Danny said on June 3, 2007 at 12:18 am
Ah, 30%. Geesh.
Nancy, I’ve had an exhausting, whirlwind visit with friends and family in the last 36 hours here in Baltimore and fly back tomorrow. Two things you might be interested in. I am staying in Fells Point in a hotel that used to be a tobacco warehouse and I have a bay view room that looks directly upon the Domino’s Sugar building. One of my old friends asked me tonight if I had heard of Laura Lippman. Small world.
michaelj said on June 3, 2007 at 11:07 am
I guess I was in the 99th %tile, but, in my defense, I’m sure I heard the song 250,000 times on WXYZ and WKNR (Detroit) in the space of three months. Really liked the first several thousand. I noticed about five years ago I’d started to appreciate it again.
I’ve always wondered whether the song had some basis in real events. Sure seems possible these people were the Choctaw Ridge branch of the Bundren family, and Lucinda Williams may have been acquainted with some kin over to Pineola.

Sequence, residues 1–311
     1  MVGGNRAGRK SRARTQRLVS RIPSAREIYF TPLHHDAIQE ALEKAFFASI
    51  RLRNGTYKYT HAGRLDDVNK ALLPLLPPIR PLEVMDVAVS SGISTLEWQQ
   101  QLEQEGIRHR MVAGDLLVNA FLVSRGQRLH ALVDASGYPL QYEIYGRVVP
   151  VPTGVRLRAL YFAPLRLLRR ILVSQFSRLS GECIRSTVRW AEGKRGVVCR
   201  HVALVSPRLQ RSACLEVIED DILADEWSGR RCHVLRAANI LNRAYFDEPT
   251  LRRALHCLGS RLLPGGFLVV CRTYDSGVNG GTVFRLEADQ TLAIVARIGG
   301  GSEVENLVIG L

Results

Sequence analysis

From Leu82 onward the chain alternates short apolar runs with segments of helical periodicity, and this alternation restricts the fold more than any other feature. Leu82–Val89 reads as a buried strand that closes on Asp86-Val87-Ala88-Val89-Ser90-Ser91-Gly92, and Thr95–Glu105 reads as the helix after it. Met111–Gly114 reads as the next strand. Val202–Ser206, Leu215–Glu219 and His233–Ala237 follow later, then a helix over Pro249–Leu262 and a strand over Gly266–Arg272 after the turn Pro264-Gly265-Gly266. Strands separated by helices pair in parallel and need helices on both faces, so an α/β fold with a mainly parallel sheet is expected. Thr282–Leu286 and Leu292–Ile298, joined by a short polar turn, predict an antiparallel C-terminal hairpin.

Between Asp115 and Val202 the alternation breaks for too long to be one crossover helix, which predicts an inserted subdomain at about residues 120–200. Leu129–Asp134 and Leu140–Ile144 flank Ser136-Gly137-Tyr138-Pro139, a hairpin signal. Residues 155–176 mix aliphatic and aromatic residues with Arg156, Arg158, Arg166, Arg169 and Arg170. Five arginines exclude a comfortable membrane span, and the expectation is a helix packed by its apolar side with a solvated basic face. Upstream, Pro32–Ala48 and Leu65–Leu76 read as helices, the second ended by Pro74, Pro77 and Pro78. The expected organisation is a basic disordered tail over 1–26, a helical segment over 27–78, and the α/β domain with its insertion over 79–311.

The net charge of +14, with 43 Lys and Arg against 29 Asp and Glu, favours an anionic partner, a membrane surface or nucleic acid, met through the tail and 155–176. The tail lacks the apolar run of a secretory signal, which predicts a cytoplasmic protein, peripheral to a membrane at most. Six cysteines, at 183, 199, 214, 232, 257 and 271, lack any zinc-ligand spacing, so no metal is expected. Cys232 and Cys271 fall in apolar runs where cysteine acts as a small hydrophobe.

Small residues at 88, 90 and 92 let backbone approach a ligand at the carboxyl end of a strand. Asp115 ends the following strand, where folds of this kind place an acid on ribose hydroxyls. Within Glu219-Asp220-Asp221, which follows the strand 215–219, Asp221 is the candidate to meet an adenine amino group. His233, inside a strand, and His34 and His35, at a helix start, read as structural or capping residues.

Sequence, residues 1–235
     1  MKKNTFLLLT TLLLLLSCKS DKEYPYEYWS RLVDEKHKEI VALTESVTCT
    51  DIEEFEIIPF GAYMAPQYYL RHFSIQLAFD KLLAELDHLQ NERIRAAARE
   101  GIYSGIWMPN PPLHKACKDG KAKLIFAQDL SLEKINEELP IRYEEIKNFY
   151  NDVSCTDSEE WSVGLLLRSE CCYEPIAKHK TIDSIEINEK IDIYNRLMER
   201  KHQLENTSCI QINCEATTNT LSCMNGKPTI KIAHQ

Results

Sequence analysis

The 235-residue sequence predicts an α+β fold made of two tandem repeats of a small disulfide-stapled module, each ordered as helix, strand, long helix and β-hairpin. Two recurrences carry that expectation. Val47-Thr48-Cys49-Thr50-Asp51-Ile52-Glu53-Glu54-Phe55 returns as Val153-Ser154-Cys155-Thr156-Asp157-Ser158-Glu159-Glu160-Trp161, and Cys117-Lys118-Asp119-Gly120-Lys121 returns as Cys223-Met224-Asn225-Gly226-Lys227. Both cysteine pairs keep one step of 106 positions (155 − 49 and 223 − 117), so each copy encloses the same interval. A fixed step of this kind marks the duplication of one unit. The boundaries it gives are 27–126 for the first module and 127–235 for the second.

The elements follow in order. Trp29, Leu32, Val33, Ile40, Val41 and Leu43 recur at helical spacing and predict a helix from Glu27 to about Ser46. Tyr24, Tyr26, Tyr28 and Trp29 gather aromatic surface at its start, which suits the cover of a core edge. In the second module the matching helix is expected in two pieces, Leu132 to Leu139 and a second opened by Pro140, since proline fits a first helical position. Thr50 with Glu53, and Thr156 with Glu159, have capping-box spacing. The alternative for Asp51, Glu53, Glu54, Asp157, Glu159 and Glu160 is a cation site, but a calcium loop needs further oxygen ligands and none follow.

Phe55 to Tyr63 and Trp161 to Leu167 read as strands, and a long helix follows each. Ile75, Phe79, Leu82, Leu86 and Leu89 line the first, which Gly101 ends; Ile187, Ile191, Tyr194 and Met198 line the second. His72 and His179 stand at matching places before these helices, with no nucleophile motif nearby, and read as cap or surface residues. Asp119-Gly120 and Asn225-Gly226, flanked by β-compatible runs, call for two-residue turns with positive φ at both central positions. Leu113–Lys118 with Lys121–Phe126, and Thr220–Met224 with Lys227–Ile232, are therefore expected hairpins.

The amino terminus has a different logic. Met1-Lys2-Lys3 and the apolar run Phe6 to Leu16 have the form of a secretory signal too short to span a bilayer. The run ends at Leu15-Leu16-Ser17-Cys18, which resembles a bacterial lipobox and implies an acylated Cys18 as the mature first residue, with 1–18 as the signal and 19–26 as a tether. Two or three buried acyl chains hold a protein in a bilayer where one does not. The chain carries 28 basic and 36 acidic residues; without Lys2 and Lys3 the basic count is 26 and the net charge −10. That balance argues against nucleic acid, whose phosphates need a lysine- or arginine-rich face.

Hattie said on June 3, 2007 at 2:19 pm
85%. Do you think she was lip-synching?
michaelj said on June 3, 2007 at 9:14 pm
Donn’t have a clue who reads back this far on a Nancy post. I just took time to watch that video. Now this woman could really sing. She’s obviously listened to somebody like Nina Simone. (Well, there is nobody like Nina Simone. Those chocalat and creme jazz singers, most of whom seem to be surnamed McCrae?)
May sound stupid, but Cher had this sort of voice before she became a baritone, and if I were her lawyer, I’d be looking at a suit against somebody involved in her thoracic plastic surgery.
I suppose my point is this. I’ve always succumbed to the idea that singer’s were either guys that stood out or women that sang good songs but but, with few exceptions, didn’t really stand out singing guy’s songs.